Flash has been gradually disappearing out of digital signage platforms and playlists for several years, but the company behind the technology, Adobe, made it known yesterday it is formally end-of-lifing it by 2020.
Adobe said Tuesday it will stop updating and distributing its Flash Player at the end of 2020.
The company said on its blog:
Where we’ve seen a need to push content and interactivity forward, we’ve innovated to meet those needs. Where a format didn’t exist, we invented one – such as with Flash and Shockwave. And over time, as the web evolved, these new formats were adopted by the community, in some cases formed the basis for open standards, and became an essential part of the web.
But as open standards like HTML5, WebGL and WebAssembly have matured over the past several years, most now provide many of the capabilities and functionalities that plugins pioneered and have become a viable alternative for content on the web. Over time, we’ve seen helper apps evolve to become plugins, and more recently, have seen many of these plugin capabilities get incorporated into open web standards. Today, most browser vendors are integrating capabilities once provided by plugins directly into browsers and deprecating plugins.
Given this progress, and in collaboration with several of our technology partners – including Apple, Facebook, Google, Microsoft and Mozilla – Adobe is planning to end-of-life Flash. Specifically, we will stop updating and distributing the Flash Player at the end of 2020 and encourage content creators to migrate any existing Flash content to these new open formats.
Several industries and businesses have been built around Flash technology – including gaming, education and video – and we remain committed to supporting Flash through 2020, as customers and partners put their migration plans into place. Adobe will continue to support Flash on a number of major OSs and browsers that currently support Flash content through the planned EOL. This will include issuing regular security patches, maintaining OS and browser compatibility and adding features and capabilities as needed. We remain fully committed to working with partners, including Apple, Facebook, Google, Microsoft and Mozilla to maintain the security and compatibility of Flash content. [To see each partner’s announcement on this news, click on the links inside each partner name.] In addition, we plan to move more aggressively to EOL Flash in certain geographies where unlicensed and outdated versions of Flash Player are being distributed.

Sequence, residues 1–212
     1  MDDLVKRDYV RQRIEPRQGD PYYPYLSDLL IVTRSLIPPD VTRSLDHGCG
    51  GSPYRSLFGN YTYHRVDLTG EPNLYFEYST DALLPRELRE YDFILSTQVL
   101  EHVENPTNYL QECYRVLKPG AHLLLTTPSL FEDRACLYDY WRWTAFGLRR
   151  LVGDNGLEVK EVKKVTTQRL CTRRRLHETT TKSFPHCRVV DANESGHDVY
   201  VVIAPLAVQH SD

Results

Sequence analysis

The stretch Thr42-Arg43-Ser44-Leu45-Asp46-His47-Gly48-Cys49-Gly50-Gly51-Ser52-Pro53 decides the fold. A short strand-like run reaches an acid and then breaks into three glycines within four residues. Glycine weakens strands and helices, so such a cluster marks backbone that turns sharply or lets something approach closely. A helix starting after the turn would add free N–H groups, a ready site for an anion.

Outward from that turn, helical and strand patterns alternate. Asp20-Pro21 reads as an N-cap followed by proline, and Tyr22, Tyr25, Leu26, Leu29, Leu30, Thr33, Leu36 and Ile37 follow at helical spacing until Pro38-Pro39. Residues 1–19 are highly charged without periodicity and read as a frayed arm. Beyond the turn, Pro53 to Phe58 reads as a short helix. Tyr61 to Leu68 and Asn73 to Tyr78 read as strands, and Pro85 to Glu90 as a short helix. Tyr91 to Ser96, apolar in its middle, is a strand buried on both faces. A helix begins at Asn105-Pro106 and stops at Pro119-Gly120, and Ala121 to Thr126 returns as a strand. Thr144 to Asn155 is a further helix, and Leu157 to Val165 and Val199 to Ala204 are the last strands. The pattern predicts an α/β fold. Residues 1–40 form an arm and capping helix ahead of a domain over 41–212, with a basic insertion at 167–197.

Flash was VERY central to much of what digital signage was about for many years, as a mechanism to play out motion graphics and also as the front-end of some CMS platforms. But as the statement notes, it has been supplanted by newer, lighter and far less resource-intensive technologies.
There were also big legal questions about whether using the Flash player as a signage player met the requirements of the Adobe end-user license agreement.
I don’t come across Flash often these days, but it is still out there.
Dave Haynes is the founder and editor of Sixteen:Nine, an online publication that has followed the digital signage industry for some 14 years. Dave does strategic advisory consulting work for many end-users and vendors, and also writes for many of them. He’s based near Halifax, Nova Scotia, on Canada’s east coast.